Introduction Haemorrhage from the injured extremity is a significant cause of preventable death in military settings. This study evaluated the effect of training on the efficacy of the combat application tourniquet (CAT) and to define standards for military personnel.
Method Participants from a training tank battalion were randomised. Data collected included age, body mass index, mean arterial pressure, hand dominance, femoral artery diameter and skin thickness. The study involved tourniquet application times (AT) and application success rates in basic, after-training and eyes-closed phases. Doppler ultrasound was used to identify the presence or absence of popliteal, radial and ulnar artery pulses.
Results A total of 102 trainees participated. In the after-training phase, the left and right upper extremity ATs were 35±13.1 s, and 34.8±13.5 s and the right and left lower extremity ATs were 20.6±6.0 s and 20.5±5.5 s, respectively. The overall tourniquet success rates in three successive study phases were 69.6%, 82.4% and 91.2%, respectively. A negative significant relationship was found between extremity circumference and tourniquet success.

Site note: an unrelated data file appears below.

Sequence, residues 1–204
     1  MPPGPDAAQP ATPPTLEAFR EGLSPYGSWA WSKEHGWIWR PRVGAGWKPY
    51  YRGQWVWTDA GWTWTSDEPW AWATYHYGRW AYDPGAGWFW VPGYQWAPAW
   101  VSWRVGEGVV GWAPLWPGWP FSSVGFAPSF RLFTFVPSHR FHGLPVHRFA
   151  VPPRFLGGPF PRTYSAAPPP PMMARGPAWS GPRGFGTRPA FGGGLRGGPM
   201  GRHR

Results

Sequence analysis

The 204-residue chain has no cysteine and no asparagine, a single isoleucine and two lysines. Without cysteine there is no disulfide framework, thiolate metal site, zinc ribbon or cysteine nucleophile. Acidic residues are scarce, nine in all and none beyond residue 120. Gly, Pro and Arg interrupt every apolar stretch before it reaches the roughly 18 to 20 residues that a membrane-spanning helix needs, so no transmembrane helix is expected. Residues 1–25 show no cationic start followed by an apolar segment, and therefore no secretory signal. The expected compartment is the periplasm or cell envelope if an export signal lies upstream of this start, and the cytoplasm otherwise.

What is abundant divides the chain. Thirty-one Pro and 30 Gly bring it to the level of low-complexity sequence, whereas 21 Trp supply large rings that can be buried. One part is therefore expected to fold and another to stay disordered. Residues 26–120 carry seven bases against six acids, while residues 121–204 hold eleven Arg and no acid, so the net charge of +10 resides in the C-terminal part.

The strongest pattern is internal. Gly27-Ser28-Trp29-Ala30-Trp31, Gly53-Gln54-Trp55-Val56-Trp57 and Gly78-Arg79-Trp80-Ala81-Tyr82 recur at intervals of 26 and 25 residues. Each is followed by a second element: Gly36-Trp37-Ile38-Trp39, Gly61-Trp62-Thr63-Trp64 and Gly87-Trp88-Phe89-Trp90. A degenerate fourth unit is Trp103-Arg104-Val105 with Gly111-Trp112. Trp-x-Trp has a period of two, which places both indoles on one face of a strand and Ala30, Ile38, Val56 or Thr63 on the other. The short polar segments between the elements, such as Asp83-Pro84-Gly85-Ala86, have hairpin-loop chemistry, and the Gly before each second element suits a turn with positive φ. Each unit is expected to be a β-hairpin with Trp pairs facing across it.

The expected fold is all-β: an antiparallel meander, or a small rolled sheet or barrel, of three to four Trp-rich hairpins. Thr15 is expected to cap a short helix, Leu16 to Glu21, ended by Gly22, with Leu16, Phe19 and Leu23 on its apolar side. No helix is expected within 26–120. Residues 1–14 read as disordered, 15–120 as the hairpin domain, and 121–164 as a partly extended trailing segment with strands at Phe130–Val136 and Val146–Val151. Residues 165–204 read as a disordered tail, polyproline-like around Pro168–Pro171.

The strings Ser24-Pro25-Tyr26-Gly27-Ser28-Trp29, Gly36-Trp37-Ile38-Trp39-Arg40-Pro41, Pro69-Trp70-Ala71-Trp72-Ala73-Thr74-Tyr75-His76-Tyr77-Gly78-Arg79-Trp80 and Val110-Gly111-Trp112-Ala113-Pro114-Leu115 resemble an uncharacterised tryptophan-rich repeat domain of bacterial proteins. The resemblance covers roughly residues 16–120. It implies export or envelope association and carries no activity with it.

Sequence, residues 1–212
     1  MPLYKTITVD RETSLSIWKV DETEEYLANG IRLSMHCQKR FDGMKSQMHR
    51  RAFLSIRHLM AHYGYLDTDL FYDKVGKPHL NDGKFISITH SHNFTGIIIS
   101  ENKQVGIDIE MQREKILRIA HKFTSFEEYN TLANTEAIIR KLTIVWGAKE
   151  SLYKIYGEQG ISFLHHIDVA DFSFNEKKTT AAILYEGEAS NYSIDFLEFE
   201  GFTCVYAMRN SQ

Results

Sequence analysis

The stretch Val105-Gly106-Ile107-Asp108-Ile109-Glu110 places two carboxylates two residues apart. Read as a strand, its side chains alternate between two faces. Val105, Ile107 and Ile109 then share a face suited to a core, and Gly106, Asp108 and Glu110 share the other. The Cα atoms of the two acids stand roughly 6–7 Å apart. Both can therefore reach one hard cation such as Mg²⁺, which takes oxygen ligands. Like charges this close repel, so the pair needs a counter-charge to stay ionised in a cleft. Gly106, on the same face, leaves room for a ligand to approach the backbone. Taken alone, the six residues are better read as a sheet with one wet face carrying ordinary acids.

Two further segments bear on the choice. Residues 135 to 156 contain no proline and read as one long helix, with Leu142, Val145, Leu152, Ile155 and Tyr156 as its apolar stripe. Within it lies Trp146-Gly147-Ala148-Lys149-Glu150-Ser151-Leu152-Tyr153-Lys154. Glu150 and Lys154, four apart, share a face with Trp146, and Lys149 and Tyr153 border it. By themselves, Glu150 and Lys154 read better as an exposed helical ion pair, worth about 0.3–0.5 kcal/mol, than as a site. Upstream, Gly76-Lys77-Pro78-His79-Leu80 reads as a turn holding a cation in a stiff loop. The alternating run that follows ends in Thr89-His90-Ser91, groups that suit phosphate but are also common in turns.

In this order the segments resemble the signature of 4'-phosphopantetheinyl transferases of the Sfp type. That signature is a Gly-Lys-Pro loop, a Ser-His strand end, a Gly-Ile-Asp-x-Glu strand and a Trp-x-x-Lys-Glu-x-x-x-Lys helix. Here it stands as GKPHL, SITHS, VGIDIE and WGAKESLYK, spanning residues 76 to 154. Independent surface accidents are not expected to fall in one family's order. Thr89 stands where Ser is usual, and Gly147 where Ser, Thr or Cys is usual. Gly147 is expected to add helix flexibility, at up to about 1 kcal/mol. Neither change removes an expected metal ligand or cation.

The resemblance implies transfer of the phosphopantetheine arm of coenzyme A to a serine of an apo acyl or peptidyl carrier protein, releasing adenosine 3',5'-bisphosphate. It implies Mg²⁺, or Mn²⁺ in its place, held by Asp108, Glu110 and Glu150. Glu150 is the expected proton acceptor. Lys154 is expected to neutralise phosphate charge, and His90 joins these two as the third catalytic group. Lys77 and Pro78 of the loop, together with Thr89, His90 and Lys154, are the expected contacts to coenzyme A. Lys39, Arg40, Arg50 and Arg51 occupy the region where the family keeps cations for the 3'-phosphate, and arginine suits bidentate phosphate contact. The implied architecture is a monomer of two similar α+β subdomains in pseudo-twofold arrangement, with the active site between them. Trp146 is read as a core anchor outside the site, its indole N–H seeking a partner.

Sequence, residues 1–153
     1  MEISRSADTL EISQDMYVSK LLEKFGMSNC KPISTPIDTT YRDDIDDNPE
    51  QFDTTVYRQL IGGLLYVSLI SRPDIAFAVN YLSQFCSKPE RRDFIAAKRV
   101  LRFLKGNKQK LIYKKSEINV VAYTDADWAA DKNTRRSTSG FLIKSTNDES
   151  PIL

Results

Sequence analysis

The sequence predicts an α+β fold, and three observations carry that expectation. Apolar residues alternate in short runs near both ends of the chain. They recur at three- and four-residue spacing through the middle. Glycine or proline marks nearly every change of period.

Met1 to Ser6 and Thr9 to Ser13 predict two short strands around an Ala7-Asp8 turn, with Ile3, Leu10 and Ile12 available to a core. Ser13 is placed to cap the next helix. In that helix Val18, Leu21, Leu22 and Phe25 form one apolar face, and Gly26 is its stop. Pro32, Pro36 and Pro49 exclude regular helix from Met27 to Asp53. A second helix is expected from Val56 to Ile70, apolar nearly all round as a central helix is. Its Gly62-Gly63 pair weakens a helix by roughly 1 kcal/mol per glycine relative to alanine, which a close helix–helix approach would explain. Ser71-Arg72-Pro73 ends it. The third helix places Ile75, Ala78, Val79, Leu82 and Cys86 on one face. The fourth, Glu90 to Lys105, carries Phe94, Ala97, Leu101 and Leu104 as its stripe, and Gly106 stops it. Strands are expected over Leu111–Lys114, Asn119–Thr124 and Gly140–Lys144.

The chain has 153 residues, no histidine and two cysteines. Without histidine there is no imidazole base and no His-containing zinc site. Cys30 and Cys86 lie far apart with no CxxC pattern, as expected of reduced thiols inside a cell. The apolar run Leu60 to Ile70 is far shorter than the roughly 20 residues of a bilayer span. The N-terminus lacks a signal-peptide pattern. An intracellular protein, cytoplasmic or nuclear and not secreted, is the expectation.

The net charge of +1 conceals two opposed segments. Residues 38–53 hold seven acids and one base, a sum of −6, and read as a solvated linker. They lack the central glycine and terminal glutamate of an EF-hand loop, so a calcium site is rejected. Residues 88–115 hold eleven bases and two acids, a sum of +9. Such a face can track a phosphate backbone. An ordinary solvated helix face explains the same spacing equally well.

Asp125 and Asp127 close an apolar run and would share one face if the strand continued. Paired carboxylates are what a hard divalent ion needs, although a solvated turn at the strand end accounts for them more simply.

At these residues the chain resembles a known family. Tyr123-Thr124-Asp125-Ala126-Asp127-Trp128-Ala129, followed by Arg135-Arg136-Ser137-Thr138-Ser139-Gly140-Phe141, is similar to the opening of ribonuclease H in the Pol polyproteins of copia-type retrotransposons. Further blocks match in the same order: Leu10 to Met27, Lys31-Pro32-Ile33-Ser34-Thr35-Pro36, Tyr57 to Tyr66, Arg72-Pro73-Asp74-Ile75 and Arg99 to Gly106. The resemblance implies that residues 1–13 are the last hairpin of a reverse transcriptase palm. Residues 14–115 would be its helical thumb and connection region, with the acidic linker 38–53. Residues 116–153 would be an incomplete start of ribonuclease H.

Discussion The results show that the efficacy of CAT application increases with training. Further studies are required to investigate the reasons underlying application failures. This single group prospective randomised study involves level of evidence 4.
- Received July 10, 2014.
- Revision received October 15, 2014.
- Accepted October 16, 2014.
- Published by the BMJ Publishing Group Limited. For permission to use (where not already granted under a licence) please go to http://group.bmj.com/group/rights-licensing/permissions
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